The Second Civil War: The Divergence of Reality

In January of 2019, a group of young boys from Covington High School, a Catholic school in Kentucky, were on a class trip to Washington D.C to support the March for Life (an annual protest against abortion). The group was waiting near the Lincoln Memorial when they were confronted by a group of Black Hebrew Israelites (an African American religious faction that believes they are the descendants of the ancient Israelites). The Black Hebrew Israelites were preaching scripture and verbally harassing the group; possibly because they realized they were of a Catholic school or possibly because a few of the boys had purchased MAGA hats. A Native American demonstrator named Nathan Phillips (present due to the concurrent Indigenous Peoples March) began banging his drum and singing and approached the boys who had begun chanting school cheers to drown out the Black Hebrew Israelites. Most of the boys moved back as Phillips got close, but a boy named Nicholas Sandmann stood his ground as Phillips walked right up to him. Phillips continued to play his music and sing, and Sandmann smiled at him as the boys around him shouted and observed the interaction. Overall, it was a very odd and awkward confrontation and I’m not sure it would have had any implication had there been no video taken by onlookers.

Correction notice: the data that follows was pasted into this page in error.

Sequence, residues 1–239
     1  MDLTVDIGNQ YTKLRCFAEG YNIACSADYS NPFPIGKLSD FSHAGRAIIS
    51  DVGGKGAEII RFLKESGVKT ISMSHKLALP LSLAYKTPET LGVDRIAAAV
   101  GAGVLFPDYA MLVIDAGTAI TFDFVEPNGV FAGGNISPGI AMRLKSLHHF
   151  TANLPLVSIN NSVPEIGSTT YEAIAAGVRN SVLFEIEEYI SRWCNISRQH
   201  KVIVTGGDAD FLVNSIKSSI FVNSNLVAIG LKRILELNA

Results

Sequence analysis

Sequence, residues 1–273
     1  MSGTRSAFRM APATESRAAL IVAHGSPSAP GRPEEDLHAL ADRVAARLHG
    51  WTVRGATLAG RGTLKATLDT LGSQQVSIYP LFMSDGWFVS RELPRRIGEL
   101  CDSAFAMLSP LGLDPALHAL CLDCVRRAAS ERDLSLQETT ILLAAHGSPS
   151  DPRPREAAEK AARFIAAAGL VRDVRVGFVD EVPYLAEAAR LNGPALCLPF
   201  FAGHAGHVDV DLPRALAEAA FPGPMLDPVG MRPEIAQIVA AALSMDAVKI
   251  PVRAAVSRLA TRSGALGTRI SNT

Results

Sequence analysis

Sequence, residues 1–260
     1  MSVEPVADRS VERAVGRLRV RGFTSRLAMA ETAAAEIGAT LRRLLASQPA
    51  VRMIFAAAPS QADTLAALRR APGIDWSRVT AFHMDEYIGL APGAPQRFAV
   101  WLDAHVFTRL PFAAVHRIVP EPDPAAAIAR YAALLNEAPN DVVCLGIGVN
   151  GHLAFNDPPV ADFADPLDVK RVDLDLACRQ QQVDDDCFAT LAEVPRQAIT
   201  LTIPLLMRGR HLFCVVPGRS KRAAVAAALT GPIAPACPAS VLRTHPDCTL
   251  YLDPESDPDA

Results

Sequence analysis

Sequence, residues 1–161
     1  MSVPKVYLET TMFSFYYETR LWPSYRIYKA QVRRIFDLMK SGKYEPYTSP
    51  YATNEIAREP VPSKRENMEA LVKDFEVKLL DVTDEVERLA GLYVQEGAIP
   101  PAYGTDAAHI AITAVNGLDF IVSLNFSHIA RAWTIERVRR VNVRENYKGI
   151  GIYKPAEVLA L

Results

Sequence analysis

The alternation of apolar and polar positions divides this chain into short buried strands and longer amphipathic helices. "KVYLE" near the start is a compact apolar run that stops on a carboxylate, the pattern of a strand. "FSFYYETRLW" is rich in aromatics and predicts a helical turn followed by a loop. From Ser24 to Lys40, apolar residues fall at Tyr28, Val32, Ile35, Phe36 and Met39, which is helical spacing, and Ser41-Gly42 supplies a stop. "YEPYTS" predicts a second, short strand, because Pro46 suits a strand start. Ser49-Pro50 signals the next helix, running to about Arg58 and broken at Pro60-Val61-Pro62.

The video that was shared to social media went viral and was soon picked up by the media. It was an edited down version of the full interaction showed nothing of the Black Hebrew Israelites or of Phillips’ approach. When I saw the video, it seemed to me like some jerk MAGA hat-wearing high schooler was trying to intimidate a Native American street performer while his classmates jeered and egged him on. I was shocked and appalled. Many people saw what I saw, and Sandmann became the target of vitriol on social media and of aggressive condemnation from the media. Not long after the clip went viral, additional footage was posted that provided a fuller context of the interaction. It was now apparent that the group of boys had been antagonized by the Black Hebrew Israelites (who were previously antagonizing the Indigenous Peoples March) and that Nathan Phillips had approached the group. I saw the new footage, and my understanding of and reaction to the incident changed. This did not happen for everyone. A fellow NYU student that I was friends with on Facebook posted a status about how vile and evil Nicholas Sandmann and his friends were. I asked him in a private message if he had seen the additional footage and he told me that he had. His opinion had not changed. I tried to speak with him logically (though, I admit I probably got overly frustrated) and discuss how the additional footage changed the nature of the interaction dramatically. He disagreed vehemently and sent me pictures of the high school participating in politically incorrect practices, insisting that they were white nationalists (see P.P.S for debunking).